There is a danger that people will begin to, or already have begun to hate me. I am not really flaunting my good fortune, writing and showing lovely pictures of life in the sunshine, while the rest of you are suffering the wilds of Mother Nature’s winter weather.
I am wallowing in it.
I am loving it.
I am reveling in it and want you to share my joy.
Thank you, to those who wish me well and are happy for me. For the rest, well….this won’t last forever and I am sorry for your suffering.
To give you something else to focus on, something you can enjoy at home pretending you are here too…I give you:
Morgan Freeman, my new best friend!
Did you know that Morgan is an accomplished sailor and that he is in love with the Caribbean? My kind of man. When Hurricane Ivan ravaged the island of Grenada in 2004, Morgan solicited friends to co-operate in a fund raising scheme to help rebuild and restore one of his favourite haunts. Ta Da:
Here in the Bahamas, ceviche is made with conch, or sometimes fresh fish. The islanders use citrus fruits, tomatoes and onions in their version. Personally, conch has no lure for me, but done well, a fish ceviche is superb. I love Morgan’s recipe the very best. I have made it twice, to rave revues! If I could get more fresh mangos, I would have it non-stop, until I got over this infatuation. Try this yourself. You can thank me later.
Welcome to my galley. I am writing out the exact recipe for you as per the book, but I did not have all the ingredients at hand and had to improvise. You will have access to a grocery store, I hope, and will do a better job than I did. It was still so over-the-top delicious, people actually asked/begged for the how-to.
Grenadian Tropical Fruit and Shrimp Ceviche with Crispy Sweet Potato Chips.
Sauce: 2 Tbsp. Olive Oil
½ chopped onion
2 cloves garlic, chopped
2 Tbsp. chopped, fresh ginger (I used the candied ginger I have onboard)
2 ripe Mangos, peeled and cut into large cubes
½ cup brown sugar
1 Tbsp. minced green chile pepper (Veronica, you will use this, but I left it out)
½ tsp. ground cumin
2 Tbsp. red wine vinegar
Salt and freshly ground pepper
2 cups mango nectar (here I just squeezed the pulp of one mango)
Ceviche: 1 pound shrimp, peeled, deveined, tails removed (I had frozen onboard, so I used 1 cup of shrimp for glamour, and used fresh caught Wahoo for the meat—yummy)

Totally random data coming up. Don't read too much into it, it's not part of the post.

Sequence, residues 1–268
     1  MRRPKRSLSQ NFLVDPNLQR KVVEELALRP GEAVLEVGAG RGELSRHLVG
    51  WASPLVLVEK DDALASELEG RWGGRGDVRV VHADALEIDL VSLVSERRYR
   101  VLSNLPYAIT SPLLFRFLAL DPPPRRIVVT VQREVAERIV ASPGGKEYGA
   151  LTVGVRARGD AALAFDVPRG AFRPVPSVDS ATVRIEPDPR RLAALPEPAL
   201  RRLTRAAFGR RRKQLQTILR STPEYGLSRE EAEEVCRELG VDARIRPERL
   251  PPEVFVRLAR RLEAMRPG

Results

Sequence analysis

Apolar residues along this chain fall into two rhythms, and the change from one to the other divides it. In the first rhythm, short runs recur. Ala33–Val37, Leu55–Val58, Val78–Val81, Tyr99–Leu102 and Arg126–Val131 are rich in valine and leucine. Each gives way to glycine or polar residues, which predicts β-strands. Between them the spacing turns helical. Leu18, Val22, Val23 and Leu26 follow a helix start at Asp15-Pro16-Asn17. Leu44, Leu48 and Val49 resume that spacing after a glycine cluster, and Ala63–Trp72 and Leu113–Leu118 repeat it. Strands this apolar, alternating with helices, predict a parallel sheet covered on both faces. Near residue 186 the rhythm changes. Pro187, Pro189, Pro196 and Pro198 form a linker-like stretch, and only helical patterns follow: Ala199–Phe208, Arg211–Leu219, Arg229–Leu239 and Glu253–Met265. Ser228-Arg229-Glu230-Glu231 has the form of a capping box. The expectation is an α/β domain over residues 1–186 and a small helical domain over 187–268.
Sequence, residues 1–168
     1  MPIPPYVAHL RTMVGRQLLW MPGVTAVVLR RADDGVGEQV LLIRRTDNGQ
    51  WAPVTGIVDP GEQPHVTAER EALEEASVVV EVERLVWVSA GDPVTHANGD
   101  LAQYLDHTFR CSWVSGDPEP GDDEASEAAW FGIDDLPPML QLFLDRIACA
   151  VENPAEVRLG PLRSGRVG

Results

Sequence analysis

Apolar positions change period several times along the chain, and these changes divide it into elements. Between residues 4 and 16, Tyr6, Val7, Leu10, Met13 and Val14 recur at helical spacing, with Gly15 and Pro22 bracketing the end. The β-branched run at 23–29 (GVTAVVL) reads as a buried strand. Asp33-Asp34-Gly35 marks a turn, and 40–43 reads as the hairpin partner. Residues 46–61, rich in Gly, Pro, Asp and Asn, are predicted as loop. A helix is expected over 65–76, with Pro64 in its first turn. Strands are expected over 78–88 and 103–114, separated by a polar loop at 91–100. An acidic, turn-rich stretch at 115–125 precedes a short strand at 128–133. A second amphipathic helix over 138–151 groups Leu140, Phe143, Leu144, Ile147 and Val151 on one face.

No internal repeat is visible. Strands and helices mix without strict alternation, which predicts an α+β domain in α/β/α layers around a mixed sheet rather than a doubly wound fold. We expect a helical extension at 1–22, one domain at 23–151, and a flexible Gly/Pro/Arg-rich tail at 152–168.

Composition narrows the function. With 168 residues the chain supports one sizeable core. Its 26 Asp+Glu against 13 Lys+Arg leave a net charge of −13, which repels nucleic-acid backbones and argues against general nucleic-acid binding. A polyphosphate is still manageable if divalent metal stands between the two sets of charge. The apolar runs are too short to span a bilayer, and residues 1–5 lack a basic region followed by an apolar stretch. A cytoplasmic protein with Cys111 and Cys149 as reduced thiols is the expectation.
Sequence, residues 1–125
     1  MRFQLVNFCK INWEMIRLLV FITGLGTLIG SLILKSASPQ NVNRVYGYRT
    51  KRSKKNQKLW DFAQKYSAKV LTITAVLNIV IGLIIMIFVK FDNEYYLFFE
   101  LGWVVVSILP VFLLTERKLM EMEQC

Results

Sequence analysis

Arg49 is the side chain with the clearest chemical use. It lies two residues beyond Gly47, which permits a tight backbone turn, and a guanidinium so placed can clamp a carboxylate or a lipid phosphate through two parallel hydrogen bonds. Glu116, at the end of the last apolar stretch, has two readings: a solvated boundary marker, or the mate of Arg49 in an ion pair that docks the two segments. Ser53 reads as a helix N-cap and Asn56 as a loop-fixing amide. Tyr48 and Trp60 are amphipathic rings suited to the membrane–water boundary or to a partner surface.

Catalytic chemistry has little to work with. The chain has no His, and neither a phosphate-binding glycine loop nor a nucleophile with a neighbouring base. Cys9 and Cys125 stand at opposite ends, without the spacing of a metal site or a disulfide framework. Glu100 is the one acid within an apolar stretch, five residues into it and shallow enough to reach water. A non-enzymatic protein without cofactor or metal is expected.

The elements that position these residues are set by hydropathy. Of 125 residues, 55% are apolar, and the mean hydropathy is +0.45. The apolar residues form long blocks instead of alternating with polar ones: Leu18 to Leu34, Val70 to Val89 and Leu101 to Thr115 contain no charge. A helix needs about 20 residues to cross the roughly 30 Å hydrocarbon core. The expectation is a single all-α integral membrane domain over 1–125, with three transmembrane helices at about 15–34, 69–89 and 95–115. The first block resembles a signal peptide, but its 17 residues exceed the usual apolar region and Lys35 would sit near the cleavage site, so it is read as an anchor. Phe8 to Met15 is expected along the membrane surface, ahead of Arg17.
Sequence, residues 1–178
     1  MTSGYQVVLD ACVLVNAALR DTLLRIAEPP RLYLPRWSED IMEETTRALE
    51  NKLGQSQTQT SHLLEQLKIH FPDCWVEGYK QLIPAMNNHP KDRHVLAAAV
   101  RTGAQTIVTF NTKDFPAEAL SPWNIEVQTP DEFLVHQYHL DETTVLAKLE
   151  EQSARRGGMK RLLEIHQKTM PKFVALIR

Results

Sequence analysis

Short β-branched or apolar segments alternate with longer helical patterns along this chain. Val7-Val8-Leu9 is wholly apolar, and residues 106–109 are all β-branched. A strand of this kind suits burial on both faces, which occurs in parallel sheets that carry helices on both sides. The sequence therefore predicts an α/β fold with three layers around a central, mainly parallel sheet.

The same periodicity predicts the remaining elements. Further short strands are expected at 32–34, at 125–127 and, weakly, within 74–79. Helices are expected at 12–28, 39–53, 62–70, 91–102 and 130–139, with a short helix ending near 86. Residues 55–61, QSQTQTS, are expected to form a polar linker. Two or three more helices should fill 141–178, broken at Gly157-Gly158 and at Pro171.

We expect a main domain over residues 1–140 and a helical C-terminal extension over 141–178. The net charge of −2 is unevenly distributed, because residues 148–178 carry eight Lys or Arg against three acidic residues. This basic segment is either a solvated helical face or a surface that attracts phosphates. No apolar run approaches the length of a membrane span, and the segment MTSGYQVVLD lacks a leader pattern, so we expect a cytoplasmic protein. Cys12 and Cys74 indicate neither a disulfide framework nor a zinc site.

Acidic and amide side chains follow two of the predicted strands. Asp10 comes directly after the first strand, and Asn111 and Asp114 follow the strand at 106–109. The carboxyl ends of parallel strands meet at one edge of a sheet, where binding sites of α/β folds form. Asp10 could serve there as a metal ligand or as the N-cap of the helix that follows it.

Juice of 6 limes
½ cup peeled, cored, chopped pineapple (canned works too)
½ cup peeled, chopped mango
½ cup peeled, seeded and chopped papaya (don’t laugh, I used canned peaches)
½ cup chopped tomatoes
½ cup chopped onion
½ cup chopped fresh cilantro (again, none found here so I used romaine.)
Chips: vegetable oil
2 large sweet potatoes
To make the sauce: Heat the oil in a large saucepan over medium heat. Add the onion, garlic and ginger and cook for 4 to 5 minutes, until soft (do not brown). Stir in the mango, brown sugar, chile pepper and cumin. When the mixture starts to boil and looks like jam, reduce the heat and stir in the vinegar, salt and pepper to taste. Cook for 5 minutes to let the flavours blend. Add the mango nectar and cook for 10 minutes. Transfer to blender and process until smooth. Strain and refrigerate for up to 4 hours.
To make the Ceviche: In a large bowl, combine the shrimp/fish and lime juice. Refrigerate for 30 minutes, then add pineapple, mango, papaya, tomatoes, onion and cilantro, toss to combine. Stir in the fruit sauce and serve chilled.
To make the sweet potato chips: In a deep fryer, heat the oil to 360 degrees F. (182 C) Using a mandolin or very sharp knife, slice the sweet potatoes as thinly as possible. Slip the slices into the oil and fry on both sides until crisp. Transfer to paper towels to drain. Sprinkle with salt to taste.
To assemble the dish: Arrange the ceviche in a martini glass or on a serving plate. Garnish with sweet potato chips. I have tried most unsuccessfully to persuade Captain B that sweet potatoes are good to eat, delicious even, and will not kill him . You can see from this photo the evidence of my total and utter failure in that regard.
Let me know how it works for you. "This is a good thing," as Martha Stewart would say.